From around the world collections of plants transformed the Royal Hospital grounds into a global garden in order to stage the greatest flower show on earth.
From forest trees to specimen bonsai, aquatic plants to desert cacti or rare mountain orchids, Chelsea was the place to be. Up to 1999 the Great Marquee, now the Great Pavilion, has played a unique part in the history of British horticulture and showing. As plantsman Roy Lancaster commented on a recent BBC interview from the Great Pavilion 'Where else in the world could you see such plants from every corner of the world on display in one place'.
Going down the tubes with the Royal Bank of Canada.
This living wall was made by planting drought-tolerant
succulent into recycled clay pipes.
Going in with Groundwork. Awarded a Silver Gilt Flora medal in the RHS Environment Awards, this garden demonstrated how to transform the most unpromising urban sites.
The indoor displays were created by different trade exhibitors, growers, UK and international charities, government bodies and tourist associations from many different countries; each exhibit displaying themed plantings relevant to the country or message being given out.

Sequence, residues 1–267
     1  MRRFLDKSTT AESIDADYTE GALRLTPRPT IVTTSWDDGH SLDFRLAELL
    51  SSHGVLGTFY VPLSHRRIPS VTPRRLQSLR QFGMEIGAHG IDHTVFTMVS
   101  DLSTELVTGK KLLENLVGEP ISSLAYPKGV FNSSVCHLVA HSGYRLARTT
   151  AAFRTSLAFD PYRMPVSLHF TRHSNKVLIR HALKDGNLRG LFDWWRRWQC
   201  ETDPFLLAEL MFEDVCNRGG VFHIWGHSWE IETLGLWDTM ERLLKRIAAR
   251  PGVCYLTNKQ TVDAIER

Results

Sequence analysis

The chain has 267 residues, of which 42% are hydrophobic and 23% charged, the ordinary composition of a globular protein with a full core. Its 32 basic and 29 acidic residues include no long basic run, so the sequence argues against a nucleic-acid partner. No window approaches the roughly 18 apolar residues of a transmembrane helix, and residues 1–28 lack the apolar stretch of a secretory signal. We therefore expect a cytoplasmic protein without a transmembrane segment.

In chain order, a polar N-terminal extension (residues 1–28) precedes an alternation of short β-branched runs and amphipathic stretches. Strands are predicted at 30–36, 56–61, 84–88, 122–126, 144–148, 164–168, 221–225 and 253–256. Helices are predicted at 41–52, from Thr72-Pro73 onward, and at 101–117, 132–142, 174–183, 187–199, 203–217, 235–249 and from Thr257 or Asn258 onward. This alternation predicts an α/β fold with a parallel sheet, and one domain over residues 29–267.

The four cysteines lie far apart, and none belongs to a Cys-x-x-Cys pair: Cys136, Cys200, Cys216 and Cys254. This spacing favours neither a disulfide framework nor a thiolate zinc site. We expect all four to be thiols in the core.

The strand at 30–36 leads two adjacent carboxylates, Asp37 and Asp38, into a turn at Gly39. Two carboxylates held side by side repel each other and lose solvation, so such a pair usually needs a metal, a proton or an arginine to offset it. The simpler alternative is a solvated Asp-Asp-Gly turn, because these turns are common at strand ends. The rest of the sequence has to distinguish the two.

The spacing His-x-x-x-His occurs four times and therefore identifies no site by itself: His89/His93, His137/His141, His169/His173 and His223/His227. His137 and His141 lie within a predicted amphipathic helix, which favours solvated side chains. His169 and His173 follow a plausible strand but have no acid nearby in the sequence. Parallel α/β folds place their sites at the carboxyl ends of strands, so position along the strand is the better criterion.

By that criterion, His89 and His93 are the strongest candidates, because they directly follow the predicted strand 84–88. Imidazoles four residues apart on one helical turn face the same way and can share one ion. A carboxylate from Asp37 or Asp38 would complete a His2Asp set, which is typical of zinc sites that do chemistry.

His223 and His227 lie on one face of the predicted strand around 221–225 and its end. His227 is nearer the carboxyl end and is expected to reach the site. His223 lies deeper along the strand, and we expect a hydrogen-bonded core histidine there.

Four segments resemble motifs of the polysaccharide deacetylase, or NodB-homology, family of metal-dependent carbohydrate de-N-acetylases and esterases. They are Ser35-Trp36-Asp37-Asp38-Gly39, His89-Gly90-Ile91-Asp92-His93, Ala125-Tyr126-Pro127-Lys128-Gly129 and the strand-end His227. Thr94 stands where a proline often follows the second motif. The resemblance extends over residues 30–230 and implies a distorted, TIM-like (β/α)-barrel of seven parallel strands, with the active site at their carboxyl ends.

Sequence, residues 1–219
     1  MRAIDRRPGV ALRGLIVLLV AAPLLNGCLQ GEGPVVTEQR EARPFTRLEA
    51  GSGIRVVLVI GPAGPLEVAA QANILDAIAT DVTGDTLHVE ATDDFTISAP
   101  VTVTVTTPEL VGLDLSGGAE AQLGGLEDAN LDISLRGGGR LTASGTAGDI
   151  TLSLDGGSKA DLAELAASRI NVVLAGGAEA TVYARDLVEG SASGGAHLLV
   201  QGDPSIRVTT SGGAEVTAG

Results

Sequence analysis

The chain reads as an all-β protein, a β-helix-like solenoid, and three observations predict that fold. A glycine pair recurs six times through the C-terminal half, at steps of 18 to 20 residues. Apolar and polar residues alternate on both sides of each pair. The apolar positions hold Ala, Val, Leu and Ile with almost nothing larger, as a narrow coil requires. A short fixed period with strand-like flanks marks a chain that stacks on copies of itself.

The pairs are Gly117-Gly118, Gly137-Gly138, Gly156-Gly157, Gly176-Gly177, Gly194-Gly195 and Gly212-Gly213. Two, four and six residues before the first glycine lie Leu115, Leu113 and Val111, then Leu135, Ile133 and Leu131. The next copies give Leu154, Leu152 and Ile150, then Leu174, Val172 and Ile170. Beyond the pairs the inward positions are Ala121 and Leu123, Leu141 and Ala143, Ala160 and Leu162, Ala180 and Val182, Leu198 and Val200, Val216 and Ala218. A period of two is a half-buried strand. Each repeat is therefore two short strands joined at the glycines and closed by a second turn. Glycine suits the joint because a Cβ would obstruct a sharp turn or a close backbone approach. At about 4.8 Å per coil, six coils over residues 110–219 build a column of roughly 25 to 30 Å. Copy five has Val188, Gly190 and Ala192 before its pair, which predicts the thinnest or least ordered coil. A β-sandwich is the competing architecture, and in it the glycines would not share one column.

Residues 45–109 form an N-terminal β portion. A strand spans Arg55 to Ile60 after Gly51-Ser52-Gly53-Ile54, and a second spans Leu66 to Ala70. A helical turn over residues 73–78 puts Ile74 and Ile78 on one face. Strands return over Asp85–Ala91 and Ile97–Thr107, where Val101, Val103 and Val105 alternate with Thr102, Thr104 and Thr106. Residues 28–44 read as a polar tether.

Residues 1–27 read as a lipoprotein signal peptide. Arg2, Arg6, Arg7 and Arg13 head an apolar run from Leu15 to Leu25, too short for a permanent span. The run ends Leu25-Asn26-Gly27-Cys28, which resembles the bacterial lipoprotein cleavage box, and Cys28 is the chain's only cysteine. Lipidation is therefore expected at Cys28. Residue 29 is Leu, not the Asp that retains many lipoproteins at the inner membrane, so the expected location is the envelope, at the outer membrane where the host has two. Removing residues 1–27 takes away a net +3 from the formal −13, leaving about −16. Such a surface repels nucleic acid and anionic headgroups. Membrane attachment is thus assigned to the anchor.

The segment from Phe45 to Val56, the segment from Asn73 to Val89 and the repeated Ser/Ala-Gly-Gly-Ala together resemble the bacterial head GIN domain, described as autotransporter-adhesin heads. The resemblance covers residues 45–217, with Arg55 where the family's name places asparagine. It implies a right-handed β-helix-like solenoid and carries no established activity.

The floral displays came in many shapes and sizes and demonstrated how cut flowers and foliage plus some carefully chosen and positioned plant material can be used to create displays that delivered strong messages or stories to the visitors.
Going up (and down) with Warmenhoven. You may have spotted this striking display during the BBC coverage of the show.
Warmenhoven were displaying cultivars of amaryllis from 100 years ago to celebrate Chelsea's centenary, alongside modern alliums and cultivars of amaryllis that may become popular in the future.
The outside show gardens in the different categories also highlighted the use of plants for every situation. From town gardens with only a few square metres, to country retreats with rolling acres there were good examples of plants that would grow well and give great displays during the correct seasons. The added value for show visitors is that they can ask the exhibitors for information relating to specific plants that they may wish to grow in their own gardens and be fairly certain to get expert advice.
These images will give you a glimpse of what visitors saw at the centenary Chelsea show.
Far Below the Sea Blooms by NAFAS. These forms, textural and colour contrasts witnessed in marine life are recreated by the NAFAS designers using plant material, both garden and exotic.
Going Underground with East Malling Research. This display, entitled "The fruit of the tree", features a large, excavated apple tree with all roots exposed as a stunning and novel centrepiece.
Despite the prolonged bad weather over the past year, and immediately prior to the show, all the growers, exhibitors and designers should be congratulated on the high standards and quality they achieved with their plants that made Chelsea 2013 a world leader once again.